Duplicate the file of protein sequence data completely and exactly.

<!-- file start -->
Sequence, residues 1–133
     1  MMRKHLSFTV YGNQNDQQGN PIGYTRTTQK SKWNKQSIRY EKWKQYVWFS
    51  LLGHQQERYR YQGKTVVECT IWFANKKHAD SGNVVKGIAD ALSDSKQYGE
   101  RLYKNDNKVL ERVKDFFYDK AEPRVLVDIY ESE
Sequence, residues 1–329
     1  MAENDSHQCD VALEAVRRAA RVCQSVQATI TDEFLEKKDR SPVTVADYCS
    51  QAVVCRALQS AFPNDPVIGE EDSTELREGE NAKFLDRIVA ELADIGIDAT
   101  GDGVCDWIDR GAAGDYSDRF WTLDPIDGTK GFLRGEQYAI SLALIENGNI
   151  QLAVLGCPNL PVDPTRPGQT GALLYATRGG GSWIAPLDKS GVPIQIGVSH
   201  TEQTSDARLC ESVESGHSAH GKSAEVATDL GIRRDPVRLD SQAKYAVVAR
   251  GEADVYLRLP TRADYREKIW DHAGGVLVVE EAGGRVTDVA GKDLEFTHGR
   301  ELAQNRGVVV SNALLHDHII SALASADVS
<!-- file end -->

Sequence, residues 1–133
     1  MMRKHLSFTV YGNQNDQQGN PIGYTRTTQK SKWNKQSIRY EKWKQYVWFS
    51  LLGHQQERYR YQGKTVVECT IWFANKKHAD SGNVVKGIAD ALSDSKQYGE
   101  RLYKNDNKVL ERVKDFFYDK AEPRVLVDIY ESE
Sequence, residues 1–329
     1  MAENDSHQCD VALEAVRRAA RVCQSVQATI TDEFLEKKDR SPVTVADYCS
    51  QAVVCRALQS AFPNDPVIGE EDSTELREGE NAKFLDRIVA ELADIGIDAT
   101  GDGVCDWIDR GAAGDYSDRF WTLDPIDGTK GFLRGEQYAI SLALIENGNI
   151  QLAVLGCPNL PVDPTRPGQT GALLYATRGG GSWIAPLDKS GVPIQIGVSH
   201  TEQTSDARLC ESVESGHSAH GKSAEVATDL GIRRDPVRLD SQAKYAVVAR
   251  GEADVYLRLP TRADYREKIW DHAGGVLVVE EAGGRVTDVA GKDLEFTHGR
   301  ELAQNRGVVV SNALLHDHII SALASADVS